Parenting children of divorce or other childhood traumas is daunting, but the good news is that positive experiences can help neutralize bad ones.  A recently-published study looked at almost 500 children over 10 years, starting in their preteen years.  It found that children with positive experiences during their adolescence had fewer symptoms of trauma — such as depression, risky sexual behavior, and substance abuse — 10 years later.  The more positive experiences, the fewer such symptoms.

The study looked at a variety of counter-ACES.  During the 10 years of the study, researchers regularly surveyed children about 7 experiences:

• support from teachers in school,

• feeling happy in school,

• high self-esteem,

• having beliefs that provided meaning, purpose, and impact on their decisions,

• feeling connected to at least one parent,

• having a positive peer relationship with a best friend, and

• having had a good time the previous week.

It asked parents about 3 experiences:

•  mealtime or weekend routines,

•  whether the parent knew about the teenager’s whereabouts and activities, and,

•  whether the teen had good neighbors and a safe neighborhood.

This study is in line with other previous studies and offers helpful guidance to those of us raising foster or stepchildren.  It is important to remember that it is merely guidance.  These are 10 variables, not requirements, and there are many ways to implement them.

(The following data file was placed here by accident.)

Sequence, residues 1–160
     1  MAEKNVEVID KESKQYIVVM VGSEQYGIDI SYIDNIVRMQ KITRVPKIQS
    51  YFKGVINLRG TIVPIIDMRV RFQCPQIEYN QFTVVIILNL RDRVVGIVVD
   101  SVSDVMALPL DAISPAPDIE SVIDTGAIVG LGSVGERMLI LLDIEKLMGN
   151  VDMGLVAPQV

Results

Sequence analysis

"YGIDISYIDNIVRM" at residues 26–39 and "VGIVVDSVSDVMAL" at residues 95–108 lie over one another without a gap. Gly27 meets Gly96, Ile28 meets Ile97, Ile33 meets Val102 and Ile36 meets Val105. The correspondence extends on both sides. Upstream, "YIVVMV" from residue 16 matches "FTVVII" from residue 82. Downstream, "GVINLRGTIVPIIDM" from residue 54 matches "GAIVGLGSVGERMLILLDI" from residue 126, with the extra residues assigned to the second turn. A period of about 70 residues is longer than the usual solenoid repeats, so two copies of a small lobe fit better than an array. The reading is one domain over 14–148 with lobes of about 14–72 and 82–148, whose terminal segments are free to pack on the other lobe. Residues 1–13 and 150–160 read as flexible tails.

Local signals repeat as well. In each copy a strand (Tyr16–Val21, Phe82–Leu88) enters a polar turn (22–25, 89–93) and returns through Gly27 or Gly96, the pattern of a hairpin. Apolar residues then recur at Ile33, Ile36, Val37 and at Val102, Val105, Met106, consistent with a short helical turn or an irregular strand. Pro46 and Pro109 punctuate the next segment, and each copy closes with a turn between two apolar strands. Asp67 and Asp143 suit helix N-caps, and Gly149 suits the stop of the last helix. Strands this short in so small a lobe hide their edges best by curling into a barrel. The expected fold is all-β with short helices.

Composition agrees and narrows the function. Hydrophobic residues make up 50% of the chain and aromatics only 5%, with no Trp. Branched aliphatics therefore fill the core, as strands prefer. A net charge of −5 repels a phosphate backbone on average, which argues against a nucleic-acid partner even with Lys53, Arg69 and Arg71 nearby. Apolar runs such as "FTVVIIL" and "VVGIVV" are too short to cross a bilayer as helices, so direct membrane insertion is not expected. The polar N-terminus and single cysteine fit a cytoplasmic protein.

For example, I have never been able to stick to a schedule for family dinners.  My career is demanding, and I am at the mercy of judges and client emergencies.  I rarely can predict what time I will be home or how much energy I will have for cooking.  The only time I have been able to prepare evening meals on a regular schedule was during a short period of near-unemployment early in my marriage.

But I still was able to find some routines for my children.  When I was single, I learned to plan dinner-and-a-movie on Fridays.  The routine gave all of us time to decompress from our respective weeks and to have something to look forward to.  When I married, my stepsons were older and usually had some activity of their own on Friday evenings.  But we went to lunch every Sunday after church, and I always learned something new by listening to their conversations.  The important point is not to set a particular schedule, but to have some routine that your children can count on and look forward to.

Many of the other variables are out of our control.  We can encourage our children to have friends and try to create an environment where their friends feel comfortable, but only our children can forge friendships.  We can advocate for our children in school, but we cannot force teachers to be supportive.  In those cases, we have to concentrate on what we can control.  For example, parents who cannot afford a good neighborhood still can work to keep up with their teen’s whereabouts and activities.

Most of these counter-ACEs are a normal part of parenting children, and many of us may have heard them already.  Still, it is good to know which of our actions can have the most impact.  No one can do it all, but we can concentrate on a few key areas as we try to help our children heal.


Debbie Ausburn

Helping foster parents and stepparents learn how to be the person who is not supposed to be there.